Claim of Martian Life Called 'Bogus'

Claim of Martian Life Called 'Bogus'
A Viking 1 Lander image of Mars' Chryse Planitia. The large white object at lower left and center, with the American flag on the side, is the spacecraft's radiothermal generator (RTG) cover. The shot is looking to the northwest of the lander.

Martian soil analyzed 30 years ago by NASA's Viking landers might contain life, according to a controversial new study that one scientist called "bogus."

The dry, freezing Martian surface could be home to microbes whose cells are filled with a mixture of hydrogen peroxide and water, said Joop Houtkooper of the University of Giessen, Germany. But other scientists are skeptical of his results, which is the latest in a long series of contentious claims about what the Viking landers might or could have found.

Houtkooper reanalyzed data from the Gas Exchange (GEx) experiment carried out by the robotic landers in the 1970s and speculates the martian soil contained detectable amounts of life.

"It comes out to a little more than one part per thousand by weight, comparable to what is found in some permafrost in Antarctica," Houtkooper said.

Norman Pace, a microbiologist at the University of Colorado, is skeptical of the new claims. "It sounds bogus to me," Pace told "I don't consider the chemical results to be particularly credible in light of the harsh conditions that Mars offers."

The findings were presented by Houtkooper at the European Planetary Science Congress in Potsdam, Germany this week and are detailed in a recent issue of the International Journal of Astrobiology.

Alien chemistry

The GEx experiment detected rises in oxygen and carbon dioxide gas in soil samples collected on the martian surface.

"If we assume these gases were produced during the breakdown of organic material together with hydrogen peroxide solution, we can calculate the masses needed to produce the volume of gas measured," Houtkooper explained.

Houtkooper and his colleague Dirk Schulze-Makuch from Washington State University speculate that an organism based on hydrogen peroxide and water could survive the harsh martian climate, in which temperatures rarely rise above freezing and can reach -238 degrees Fahrenheit (-150 degrees Celsius) at the poles. The hydrogen peroxide would act like antifreeze for the cell, preventing its insides from crystallizing due to the cold.

Hydrogen peroxide-water solutions also tend to attract water, so the alien organisms could scavenge water molecules from the Martian atmosphere, the thinking goes. However, if such creatures were exposed to too much water or atmospheres with high humidity, they could theoretically die through over-hydration.

The researchers think this could account for the anomalous GEx results. The experiment exposed samples to water vapor which might have killed any hydrogen peroxide-water microbes died. The resulting breakdown of their cells would release oxygen and their organic compounds would react with the hydrogen peroxide to release carbon dioxide, water vapor and traces of nitrogen.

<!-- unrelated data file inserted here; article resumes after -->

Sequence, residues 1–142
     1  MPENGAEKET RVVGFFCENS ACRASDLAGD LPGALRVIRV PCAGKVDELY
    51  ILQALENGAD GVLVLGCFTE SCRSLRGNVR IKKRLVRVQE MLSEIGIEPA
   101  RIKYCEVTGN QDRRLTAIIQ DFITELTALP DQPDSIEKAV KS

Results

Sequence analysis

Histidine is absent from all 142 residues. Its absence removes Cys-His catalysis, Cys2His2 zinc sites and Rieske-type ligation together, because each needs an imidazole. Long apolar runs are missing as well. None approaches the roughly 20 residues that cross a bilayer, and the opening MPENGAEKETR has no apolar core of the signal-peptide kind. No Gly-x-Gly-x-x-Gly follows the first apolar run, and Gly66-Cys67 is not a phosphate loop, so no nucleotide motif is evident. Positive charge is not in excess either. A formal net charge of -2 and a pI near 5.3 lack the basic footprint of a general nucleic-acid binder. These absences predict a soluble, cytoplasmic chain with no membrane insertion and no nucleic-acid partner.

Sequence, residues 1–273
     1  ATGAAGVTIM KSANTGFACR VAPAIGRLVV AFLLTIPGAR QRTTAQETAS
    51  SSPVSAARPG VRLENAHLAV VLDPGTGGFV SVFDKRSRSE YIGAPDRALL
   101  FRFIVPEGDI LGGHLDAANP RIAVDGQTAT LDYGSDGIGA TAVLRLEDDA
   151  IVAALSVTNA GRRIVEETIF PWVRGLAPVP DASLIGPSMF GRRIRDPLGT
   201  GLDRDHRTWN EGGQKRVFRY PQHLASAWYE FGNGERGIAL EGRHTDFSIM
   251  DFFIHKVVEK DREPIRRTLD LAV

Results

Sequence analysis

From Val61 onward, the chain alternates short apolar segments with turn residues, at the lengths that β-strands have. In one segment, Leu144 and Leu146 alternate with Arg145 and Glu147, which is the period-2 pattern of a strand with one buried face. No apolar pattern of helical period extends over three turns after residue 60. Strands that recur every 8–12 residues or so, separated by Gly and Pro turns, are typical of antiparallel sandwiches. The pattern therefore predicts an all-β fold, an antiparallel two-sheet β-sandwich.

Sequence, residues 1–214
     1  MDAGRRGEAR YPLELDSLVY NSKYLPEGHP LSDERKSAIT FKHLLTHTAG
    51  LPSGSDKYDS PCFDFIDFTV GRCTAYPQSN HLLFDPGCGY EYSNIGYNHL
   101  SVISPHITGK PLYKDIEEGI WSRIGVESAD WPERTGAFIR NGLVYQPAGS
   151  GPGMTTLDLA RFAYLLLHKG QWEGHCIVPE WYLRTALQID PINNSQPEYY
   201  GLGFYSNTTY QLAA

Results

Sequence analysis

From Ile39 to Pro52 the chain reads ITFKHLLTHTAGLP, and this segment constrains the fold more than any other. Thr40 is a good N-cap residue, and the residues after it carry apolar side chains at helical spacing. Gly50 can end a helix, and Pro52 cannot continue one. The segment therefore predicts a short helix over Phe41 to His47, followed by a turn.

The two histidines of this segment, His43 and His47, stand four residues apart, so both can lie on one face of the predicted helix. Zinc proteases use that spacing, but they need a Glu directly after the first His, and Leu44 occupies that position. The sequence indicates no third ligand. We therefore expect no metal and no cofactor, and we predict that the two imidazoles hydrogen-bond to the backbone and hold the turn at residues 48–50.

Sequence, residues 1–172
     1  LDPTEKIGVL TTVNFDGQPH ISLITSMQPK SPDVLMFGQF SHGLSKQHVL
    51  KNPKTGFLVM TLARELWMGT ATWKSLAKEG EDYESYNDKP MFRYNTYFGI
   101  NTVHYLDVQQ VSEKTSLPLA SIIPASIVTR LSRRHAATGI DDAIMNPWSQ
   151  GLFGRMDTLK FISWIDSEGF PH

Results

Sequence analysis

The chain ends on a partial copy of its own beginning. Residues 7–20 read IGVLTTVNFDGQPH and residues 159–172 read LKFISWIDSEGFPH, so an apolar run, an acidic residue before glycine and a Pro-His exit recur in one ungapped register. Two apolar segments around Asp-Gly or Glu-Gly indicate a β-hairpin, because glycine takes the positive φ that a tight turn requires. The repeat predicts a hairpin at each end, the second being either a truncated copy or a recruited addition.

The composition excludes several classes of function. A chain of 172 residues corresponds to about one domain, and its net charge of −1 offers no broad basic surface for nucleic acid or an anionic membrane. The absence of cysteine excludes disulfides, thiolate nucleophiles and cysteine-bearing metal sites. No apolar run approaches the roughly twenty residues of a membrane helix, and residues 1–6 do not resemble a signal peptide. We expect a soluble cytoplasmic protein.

Houtkooper thinks the microbes could be detected by NASA's Phoenix lander, which launched on Aug. 4 and will arrive at Mars next May.

While rare, terrestrial organisms are known to use hydrogen-peroxide. The bombardier beetle, Brachinus Crepitans, uses a 25 percent solution of hydrogen peroxide to shoot steam into the face of pursuing predators.

No one suspects there are any beetles on Mars. But most experts have yet to rule out the possibility of microbial life.

"There does not appear to be any basic reason why hydrogen peroxide could not be used by living systems," Houtkooper said. "While organisms on Earth have found it advantageous to include salt in their intracellular fluids, hydrogen peroxide may have been more suitable for organisms adapting to the cold, dry environment of Mars."

Not likely

But Pace, the University of Colorado microbiologist, thinks there is one very important reason why hydrogen peroxide life is unlikely. "Hydrogen peroxide inside cells is deadly in terrestrial kinds of cells," Pace said. "In fact, that's one way that our cells combat bacteria, by producing hydrogen peroxide locally."

For Pace and many other scientists, the definitive experiment performed by the Viking landers was the gas chromatography mass spectrometry (GC-MS) test, which was capable of identifying substances by their chemical makeup. That test failed to turn up evidence of organic compounds. "That's the interesting experiment. Everything else can be explained chemically," Pace said.

Some scientists have speculated the oxygen results from the GEx test came from peroxide-containing iron in the martian soil.

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Staff Writer

Ker Than is a science writer and children's book author who joined as a Staff Writer from 2005 to 2007. Ker covered astronomy and human spaceflight while at, including space shuttle launches, and has authored three science books for kids about earthquakes, stars and black holes. Ker's work has also appeared in National Geographic, Nature News, New Scientist and Sky & Telescope, among others. He earned a bachelor's degree in biology from UC Irvine and a master's degree in science journalism from New York University. Ker is currently the Director of Science Communications at Stanford University.